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Our next show will be coming to you from Anne Fox in Denmark on 1 June.
Until then –
Bleiben Sie absolut interkulturell!
The host of this show is: Dr. Laurent Borgmann
Editor: Hari Gautham Somasundaram
Assistants: Marina Jimenez Martin & Asim Zaman
In this episode we are going to have a look at adult education. Anne and I were lucky enough to be invited to the Volkshochschule Rhein-Sieg by Alexandra Haas. We took part in a very stimulating workshop day for trainers inspired by Alexandra’s previous project “Teaching Culture!”.
absolutely learner-oriented: Mechthild Tillmann, director of the Volkshochschule Rhein-Sieg, reports on 24 different work-shops in which teachers shared ideas about marketing, suggestopedia, podcasting in the classroom and other subjects related to their teaching. Following the idea of “teaching culture” and the “culture of teaching” the institution invited their own teachers to turn into learners and improve their methods.
We listen to Mauricio Virgens from Brazil and Andres Villamil from Columbia, two South American musicians who played music for us, and “bossanovarized” our busy lives a little. Mauricio speaks about his mission as a cultural ambassador for his native country Brazil and tells us how he keeps up his cultural identity through music. Of course, we also get to enjoy a bit of their music.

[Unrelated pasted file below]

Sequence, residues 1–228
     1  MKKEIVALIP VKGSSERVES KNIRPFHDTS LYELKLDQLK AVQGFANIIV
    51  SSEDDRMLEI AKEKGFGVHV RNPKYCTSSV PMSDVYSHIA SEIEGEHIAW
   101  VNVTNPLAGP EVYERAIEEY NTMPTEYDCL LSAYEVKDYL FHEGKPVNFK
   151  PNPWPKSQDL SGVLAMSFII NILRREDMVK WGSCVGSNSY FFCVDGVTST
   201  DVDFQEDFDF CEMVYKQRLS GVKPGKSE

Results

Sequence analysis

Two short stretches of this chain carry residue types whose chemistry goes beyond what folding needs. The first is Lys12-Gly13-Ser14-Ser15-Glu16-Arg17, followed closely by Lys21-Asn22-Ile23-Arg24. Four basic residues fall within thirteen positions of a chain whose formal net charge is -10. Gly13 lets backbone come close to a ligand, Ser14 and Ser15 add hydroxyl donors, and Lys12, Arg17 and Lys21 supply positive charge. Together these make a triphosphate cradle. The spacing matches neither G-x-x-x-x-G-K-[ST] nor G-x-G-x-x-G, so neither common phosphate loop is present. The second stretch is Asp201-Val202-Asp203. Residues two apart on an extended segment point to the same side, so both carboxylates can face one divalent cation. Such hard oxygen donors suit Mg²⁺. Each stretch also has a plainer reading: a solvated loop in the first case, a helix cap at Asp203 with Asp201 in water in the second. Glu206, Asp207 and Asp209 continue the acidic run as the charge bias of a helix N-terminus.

absolutely enjoyable: Katrin, one of the new staff at the Volkshochschule Rhein-Sieg, tells us how previous learning experiences of the participants can a be challenge for the teachers. She has noticed that learners seem to expect the same “learning culture” which they got used to when they were learners for the first time – years ago. However, one aspect seems to be important to all learners – that they learn faster if they are having fun.
Evi and Linda both work in adult education and explain to us how adult education creates its own culture. We also hear about their perspectives on gender issues and that adult education, just like health services, appears to attract women with a strong impulse to help.